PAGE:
Object #1

Mamluk Hand Grenade

Biography Author(s): Sama Mamadova, Allyssa Metzger

Where was it produced?

<- Where was it produced?

We do not know exactly where this stoneware vessel was made. Because the Mamluk empire stretched from its base in Egypt, into the Syrian (Levantine) territories that had formerly belonged to the Ayyubids, and even further into the region of Mecca and Medina (Hijaz), we cannot even determine the specific region in which it was produced.

However, the influx of artisans to the Mamluk capital of Cairo, especially in the 14th century, makes Egypt a likely place of origin. Alternatively, the vessel may have originated near Jerusalem, where it remained until it was purchased in the late 19th century before being transported to the U.S.

Where did it go?

<- Where did it go?

This particular vessel was acquired by the Harvard Semitic Museum in 1902 as part of the Selah Merrill Collection by way of the Harvard Divinity School. Selah Merrill was an American clergyman, archaeologist and American consul in Jerusalem in the late 19th century. He collected antiquities, ethnographic material, and specimens of natural history from Jerusalem. The vessel was probably purchased by Merrill from an antiquities dealer in Jerusalem in the late 19th century, before it was given to the Semitic Museum with collectibles.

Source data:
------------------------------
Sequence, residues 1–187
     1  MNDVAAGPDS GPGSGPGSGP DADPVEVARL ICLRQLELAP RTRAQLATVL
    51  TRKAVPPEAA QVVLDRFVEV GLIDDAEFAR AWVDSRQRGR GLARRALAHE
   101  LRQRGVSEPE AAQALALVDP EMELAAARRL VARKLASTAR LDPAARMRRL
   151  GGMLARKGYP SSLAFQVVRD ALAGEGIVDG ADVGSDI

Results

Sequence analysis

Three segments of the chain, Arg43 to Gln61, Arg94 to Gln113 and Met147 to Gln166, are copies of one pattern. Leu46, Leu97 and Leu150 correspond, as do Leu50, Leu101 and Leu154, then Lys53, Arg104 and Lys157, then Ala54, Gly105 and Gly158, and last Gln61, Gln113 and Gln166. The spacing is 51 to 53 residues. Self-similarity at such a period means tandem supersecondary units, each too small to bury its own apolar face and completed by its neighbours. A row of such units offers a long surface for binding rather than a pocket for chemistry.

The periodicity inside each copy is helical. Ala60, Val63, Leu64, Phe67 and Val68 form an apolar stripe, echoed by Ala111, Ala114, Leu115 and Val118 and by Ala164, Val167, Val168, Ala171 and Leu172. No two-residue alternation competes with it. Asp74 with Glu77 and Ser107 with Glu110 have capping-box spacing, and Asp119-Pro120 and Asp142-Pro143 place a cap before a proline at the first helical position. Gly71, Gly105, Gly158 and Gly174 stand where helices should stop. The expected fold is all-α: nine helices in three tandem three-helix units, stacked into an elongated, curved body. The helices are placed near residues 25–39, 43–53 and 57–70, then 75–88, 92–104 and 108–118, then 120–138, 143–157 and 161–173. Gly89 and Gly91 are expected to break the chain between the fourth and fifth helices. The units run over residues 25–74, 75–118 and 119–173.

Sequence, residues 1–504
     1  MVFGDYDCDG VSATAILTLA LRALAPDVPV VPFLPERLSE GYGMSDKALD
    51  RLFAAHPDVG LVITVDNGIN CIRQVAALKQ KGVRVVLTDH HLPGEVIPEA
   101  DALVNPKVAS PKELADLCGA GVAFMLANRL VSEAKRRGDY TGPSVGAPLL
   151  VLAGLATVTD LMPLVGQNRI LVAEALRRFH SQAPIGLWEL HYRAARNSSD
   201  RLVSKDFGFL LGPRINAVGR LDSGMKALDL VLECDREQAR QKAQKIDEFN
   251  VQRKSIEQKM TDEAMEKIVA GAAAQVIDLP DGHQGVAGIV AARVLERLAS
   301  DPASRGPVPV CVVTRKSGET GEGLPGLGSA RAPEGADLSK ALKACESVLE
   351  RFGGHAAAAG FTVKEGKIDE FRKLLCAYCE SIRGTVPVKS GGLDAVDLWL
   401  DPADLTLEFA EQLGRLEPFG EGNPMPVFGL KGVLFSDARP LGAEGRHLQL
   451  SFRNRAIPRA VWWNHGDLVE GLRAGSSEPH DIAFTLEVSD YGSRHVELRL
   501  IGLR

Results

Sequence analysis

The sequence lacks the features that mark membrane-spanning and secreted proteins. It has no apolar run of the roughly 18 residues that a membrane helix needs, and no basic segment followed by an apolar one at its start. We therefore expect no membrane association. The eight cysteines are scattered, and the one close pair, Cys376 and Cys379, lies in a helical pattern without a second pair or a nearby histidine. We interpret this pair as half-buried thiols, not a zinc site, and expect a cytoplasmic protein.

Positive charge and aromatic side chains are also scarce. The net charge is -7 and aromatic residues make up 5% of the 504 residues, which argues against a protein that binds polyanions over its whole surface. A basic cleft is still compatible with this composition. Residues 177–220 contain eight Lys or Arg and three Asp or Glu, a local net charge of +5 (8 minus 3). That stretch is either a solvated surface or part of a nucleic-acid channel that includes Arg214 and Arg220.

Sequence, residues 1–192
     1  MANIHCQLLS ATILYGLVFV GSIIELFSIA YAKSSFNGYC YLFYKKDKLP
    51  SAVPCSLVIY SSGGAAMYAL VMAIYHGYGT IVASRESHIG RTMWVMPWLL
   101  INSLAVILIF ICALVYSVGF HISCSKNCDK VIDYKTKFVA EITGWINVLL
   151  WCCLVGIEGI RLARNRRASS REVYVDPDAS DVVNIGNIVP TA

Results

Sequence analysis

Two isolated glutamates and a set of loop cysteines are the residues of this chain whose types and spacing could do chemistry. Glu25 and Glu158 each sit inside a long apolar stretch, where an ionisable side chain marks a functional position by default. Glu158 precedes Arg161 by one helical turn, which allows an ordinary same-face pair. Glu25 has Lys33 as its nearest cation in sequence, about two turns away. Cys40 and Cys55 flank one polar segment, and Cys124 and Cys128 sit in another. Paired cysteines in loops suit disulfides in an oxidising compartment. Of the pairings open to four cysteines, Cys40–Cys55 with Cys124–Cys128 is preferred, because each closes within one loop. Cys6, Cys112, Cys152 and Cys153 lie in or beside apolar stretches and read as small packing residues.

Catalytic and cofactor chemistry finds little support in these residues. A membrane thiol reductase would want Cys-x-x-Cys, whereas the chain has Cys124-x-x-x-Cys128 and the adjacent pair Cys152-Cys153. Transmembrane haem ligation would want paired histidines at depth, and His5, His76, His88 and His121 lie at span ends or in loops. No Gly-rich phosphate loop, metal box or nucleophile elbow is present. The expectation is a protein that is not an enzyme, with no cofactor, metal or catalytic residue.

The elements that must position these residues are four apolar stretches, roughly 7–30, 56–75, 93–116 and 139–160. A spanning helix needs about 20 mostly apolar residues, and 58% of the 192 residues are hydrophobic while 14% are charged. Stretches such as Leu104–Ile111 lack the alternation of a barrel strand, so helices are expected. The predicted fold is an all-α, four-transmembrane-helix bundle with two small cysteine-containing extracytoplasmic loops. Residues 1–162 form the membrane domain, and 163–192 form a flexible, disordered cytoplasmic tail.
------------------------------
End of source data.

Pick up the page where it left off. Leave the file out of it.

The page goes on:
How was it made?

<- How was it made?

So-called “stoneware” vessels like this one were usually made of dense clay which was fired at a high temperature in a kiln. Some stoneware was glazed on the outside. Others, like this example, were left unglazed; many of these have intricate decorations incised on them, such as intertwined serpents.

Why was it made?

<- Why was it made?

While scholars disagree on the purpose of this type of vessel, most believe that vessels like this one were used as hand grenades or fire-blowers. However, many of these objects were ornate and were found empty and intact in civilian dwellings, which is why some scholars question their purpose as hand grenades and suggest that they may have been used to simply strike fire.

Other scholars argue that they were more likely used as containers for valuable commodities—like mercury or perfume—or for beverages—such as wine or beer. The vessels’ strength suggests that they may have been containers for expensive liquids. Still others have posited that they served as water containers used when smoking a portable hookah (more properly termed a ghalian or nargile).